The council hopes the new local plan will clarify things for residents and developers. But some green space may have to be sacrificed.
"The green belt was set up with a particular set of criteria in mind," Mr Murfin said.
"The broad extent of the green belt is almost certainly right. However, it’s worth looking again and making sure that the need for modern housing in sustainable locations can be accommodated in the city.
"We want to drive this through sustainable development. The green belt wasn’t defined with that in mind.
"It was done as a tool for protecting the coalescence of towns and stopping sprawl when actually there could be some really sustainable sites, well connected by public transport that could make sense to be developed."
One area that could have been seen as neglected until recently is the city centre. But with the retail quarter now under construction and cranes all over the skyline, is there cause for optimism?
Mr Murfin said Sheffield should be confident in the retail quarter, but there is still work to be done elsewhere.
"If Sheffield city centre is to continue to grow and do well it’s quite simple - we need more people to be working here and more people to be living here," said Mr Murfin.
"We have made outstanding successes of Boeing and the Advanced Manufacturing Park, and things like Channel 4 could be really important for the city centre.
"Desirability will need to go up so we will need to look at things we haven’t got, such as the private sector rented market. We need to have more good quality private sector rented housing. And then somewhere where these people can buy a family house when they are ready.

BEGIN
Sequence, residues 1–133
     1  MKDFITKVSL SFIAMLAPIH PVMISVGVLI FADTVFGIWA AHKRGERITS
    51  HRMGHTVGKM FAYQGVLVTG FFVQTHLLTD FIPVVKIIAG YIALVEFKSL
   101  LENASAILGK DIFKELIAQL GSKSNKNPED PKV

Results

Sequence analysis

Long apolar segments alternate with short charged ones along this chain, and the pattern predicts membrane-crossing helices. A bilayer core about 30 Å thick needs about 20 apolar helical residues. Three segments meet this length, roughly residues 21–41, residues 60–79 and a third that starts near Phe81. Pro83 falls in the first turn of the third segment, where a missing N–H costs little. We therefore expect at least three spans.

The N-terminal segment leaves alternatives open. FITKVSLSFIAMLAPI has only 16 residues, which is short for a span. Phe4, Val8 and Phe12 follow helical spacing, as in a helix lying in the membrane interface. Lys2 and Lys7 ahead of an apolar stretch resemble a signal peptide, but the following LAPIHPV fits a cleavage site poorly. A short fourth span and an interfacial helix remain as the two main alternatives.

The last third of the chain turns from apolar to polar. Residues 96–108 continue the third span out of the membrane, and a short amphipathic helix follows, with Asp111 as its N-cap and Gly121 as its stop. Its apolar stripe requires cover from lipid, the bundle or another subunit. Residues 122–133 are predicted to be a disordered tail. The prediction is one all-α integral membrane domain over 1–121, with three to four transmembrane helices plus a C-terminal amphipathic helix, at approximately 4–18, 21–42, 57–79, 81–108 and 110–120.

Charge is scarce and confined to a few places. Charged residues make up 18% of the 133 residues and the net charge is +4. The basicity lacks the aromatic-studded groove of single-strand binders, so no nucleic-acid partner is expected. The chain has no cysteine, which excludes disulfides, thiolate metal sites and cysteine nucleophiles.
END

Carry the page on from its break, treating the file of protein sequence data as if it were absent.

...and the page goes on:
"By doing that we will improve graduate retention. Most northern cities have a problem with the fourth job move because that’s when people decide to set their own companies up.
"Keeping them in the city is about having the right offer."
That said, the planning department clearly has a job on its hands to persuade developers to put up flats that are not designed for students.
Barely a month goes by without the planning committee considering another huge development in the city centre.
"We tell developers to think carefully about investment," said Mr Murfin.
"The student market is approaching a point where enough flats have been built. We say make sure that buildings can be retro-altered to convert them into private flats."
New development is inevitably a focus of the planning department. But Sheffield also has plenty of older buildings that many city residents are keen to see protected.
Key causes for concern include Leah's Yard, which falls within the retail quarter site, and the Old Town Hall, which requires major investment.
Heritage campaigners may be pleased to hear Mr Murfin's position.
"When you are looking to grow it’s always important to avoid thinking you have got a blank canvas," he said.
"Actually designing in improvements and preserving the best locations in the city centre really helps establish it as a great quality area.
"Otherwise you end up looking like a lot of other city centres in the region, when you need to maximise your uniqueness.
"You do that by respecting the historic fabric of the city and taking every step to enhance it."
"We need to avoid anger or arguments of either economic growth or protecting the historic environment. Actually a good quality historic environment is a good way of getting economic growth.
"The greatest cities in Europe are those that do urban design properly."